TREASURE ISLAND, Fla. (WFLA) — Sunset Beach officially reopens tomorrow, Oct. 28 after a month-long emergency beach sand dune restoration project.

Hurricane Idalia forced a portion of it to close after eating away at the sand dunes in late August.

“It kind of hit my weekly routine,” Sunset Beach Neighbor Stan Shoaf said.

Neighbors like Shoaf will finally be able to get back to their usual activities from a more convenient location.

“Since I’m retired this is one of my routines. I get out and do paddleboarding two to three times a week and all of that other stuff.”

Dune planting was the final phase of this project. Signs in the ground direct you to be careful not to step on them while they grow.

Once mature, the roots of the plants are supposed to catch sand and keep the dunes together.

“I don’t know how long it’s going to last, but I’m glad at what they did,” Shoaf said. “They did a great job and hopefully, Mother Nature won’t tear it down too quick.”

The city said there isn’t anything underneath the sand to keep it sturdy like tires, fencing, or rocks.

“Even from the signage we put on the beach, to the type of sand we put on the beach, it’s very limited to the Environmental Protection Agency allows us to do,” Treasure Island Spokesperson Jason Beisel said. “So we cannot put anything like that on the beach.”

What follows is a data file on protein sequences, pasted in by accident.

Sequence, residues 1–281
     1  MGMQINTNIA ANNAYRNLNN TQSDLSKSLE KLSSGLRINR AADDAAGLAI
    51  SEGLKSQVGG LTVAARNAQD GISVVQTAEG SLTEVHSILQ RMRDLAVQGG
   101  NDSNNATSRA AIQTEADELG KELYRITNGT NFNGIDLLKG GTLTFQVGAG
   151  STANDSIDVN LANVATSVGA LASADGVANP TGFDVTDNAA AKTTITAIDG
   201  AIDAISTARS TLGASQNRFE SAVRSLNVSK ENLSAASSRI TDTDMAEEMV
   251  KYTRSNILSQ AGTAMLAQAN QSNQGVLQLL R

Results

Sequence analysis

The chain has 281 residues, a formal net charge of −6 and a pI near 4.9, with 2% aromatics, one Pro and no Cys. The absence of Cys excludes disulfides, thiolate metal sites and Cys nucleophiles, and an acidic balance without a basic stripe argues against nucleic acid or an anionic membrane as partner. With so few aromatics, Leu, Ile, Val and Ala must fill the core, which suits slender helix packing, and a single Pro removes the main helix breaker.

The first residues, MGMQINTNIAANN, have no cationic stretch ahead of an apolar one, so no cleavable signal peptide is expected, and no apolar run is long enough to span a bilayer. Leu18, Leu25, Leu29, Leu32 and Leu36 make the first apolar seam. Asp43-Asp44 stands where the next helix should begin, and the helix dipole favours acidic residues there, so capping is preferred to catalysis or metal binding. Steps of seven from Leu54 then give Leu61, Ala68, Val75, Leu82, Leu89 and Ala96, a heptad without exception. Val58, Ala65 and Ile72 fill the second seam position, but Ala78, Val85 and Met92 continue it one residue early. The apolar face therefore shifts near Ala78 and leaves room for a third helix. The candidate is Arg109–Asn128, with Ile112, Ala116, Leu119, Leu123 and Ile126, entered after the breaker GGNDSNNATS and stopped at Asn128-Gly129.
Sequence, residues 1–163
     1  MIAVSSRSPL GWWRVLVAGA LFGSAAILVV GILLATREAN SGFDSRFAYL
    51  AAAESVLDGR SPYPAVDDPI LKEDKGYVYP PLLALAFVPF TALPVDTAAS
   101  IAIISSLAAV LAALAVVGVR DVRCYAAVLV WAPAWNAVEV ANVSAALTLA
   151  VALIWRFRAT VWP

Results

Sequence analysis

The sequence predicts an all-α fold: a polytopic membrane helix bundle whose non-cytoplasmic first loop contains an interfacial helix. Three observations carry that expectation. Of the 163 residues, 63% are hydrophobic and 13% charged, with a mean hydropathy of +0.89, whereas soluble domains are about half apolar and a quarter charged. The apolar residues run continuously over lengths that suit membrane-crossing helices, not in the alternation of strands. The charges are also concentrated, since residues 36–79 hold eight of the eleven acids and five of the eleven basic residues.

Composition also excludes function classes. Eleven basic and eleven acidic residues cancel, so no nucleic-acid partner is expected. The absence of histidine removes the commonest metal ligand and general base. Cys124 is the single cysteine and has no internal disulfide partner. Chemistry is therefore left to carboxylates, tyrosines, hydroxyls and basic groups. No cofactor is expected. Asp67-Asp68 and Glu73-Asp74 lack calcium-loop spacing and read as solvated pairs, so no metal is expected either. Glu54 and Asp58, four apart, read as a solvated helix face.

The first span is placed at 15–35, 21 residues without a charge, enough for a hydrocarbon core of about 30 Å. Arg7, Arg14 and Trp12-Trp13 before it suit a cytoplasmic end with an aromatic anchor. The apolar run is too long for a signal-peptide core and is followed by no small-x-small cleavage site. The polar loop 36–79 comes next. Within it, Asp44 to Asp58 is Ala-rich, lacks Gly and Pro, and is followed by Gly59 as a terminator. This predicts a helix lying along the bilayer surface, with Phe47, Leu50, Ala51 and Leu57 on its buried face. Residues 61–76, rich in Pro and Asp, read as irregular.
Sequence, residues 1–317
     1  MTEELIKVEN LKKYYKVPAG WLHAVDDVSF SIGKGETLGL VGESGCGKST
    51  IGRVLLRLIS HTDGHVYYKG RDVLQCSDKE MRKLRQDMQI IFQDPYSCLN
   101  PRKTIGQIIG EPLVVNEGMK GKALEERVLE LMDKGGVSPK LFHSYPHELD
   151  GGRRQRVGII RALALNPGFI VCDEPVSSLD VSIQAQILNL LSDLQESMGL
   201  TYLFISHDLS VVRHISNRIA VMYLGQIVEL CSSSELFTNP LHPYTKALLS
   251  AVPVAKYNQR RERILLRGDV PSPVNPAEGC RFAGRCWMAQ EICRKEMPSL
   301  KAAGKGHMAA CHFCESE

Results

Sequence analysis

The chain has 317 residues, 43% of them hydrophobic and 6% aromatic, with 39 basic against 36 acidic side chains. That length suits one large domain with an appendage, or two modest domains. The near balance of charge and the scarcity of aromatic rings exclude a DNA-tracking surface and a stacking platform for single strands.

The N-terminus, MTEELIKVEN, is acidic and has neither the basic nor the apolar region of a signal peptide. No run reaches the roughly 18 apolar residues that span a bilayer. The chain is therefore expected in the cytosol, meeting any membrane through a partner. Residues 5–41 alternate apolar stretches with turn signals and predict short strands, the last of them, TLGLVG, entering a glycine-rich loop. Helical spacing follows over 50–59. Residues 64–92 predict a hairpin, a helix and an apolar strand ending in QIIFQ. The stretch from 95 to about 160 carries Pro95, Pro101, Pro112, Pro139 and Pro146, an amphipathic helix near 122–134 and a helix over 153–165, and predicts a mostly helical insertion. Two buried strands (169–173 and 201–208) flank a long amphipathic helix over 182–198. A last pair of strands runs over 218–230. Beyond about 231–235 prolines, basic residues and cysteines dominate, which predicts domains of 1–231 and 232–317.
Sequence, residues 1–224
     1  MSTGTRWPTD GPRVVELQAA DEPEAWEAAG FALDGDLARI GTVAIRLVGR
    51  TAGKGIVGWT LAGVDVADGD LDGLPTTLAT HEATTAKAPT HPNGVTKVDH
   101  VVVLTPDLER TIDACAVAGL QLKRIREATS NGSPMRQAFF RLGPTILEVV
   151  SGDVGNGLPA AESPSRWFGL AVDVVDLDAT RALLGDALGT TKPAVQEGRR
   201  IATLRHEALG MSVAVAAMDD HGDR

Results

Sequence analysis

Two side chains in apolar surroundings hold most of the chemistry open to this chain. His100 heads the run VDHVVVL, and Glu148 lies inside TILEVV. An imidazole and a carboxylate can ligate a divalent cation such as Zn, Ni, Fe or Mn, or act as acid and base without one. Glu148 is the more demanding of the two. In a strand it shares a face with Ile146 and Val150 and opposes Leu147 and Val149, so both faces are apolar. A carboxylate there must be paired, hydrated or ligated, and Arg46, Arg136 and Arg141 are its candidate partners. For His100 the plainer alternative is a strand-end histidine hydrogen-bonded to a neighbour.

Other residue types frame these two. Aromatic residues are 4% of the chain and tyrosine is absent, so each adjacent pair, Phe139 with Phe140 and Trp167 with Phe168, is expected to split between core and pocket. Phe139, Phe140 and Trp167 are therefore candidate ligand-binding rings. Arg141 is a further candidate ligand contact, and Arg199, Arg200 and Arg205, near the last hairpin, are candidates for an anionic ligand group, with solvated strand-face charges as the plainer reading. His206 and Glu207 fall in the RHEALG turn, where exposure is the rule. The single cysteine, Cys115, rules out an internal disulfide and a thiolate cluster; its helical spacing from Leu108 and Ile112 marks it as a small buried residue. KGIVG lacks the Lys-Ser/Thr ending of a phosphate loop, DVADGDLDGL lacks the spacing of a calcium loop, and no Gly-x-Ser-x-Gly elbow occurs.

Some people wondered, why now? It’s still hurricane season and the dune plants are pre-mature.

“If another storm were to come, there would be no protection for this community,” Beisel said. “So the flooding and everything we saw from Idalia, that would be even worse if you didn’t have the dune system there to protect it.”

Beisel tells 8 On Your Side, “The city is going to do everything they can to keep Sunset Beach the way it is.”

Dune plants are going to take a while to grow to where they were pre-hurricane.

When you make a return to the beach, you might notice it’s a lot steeper than before.

The city had to remove walkways for this project. They said they will rebuild them once they find the funding.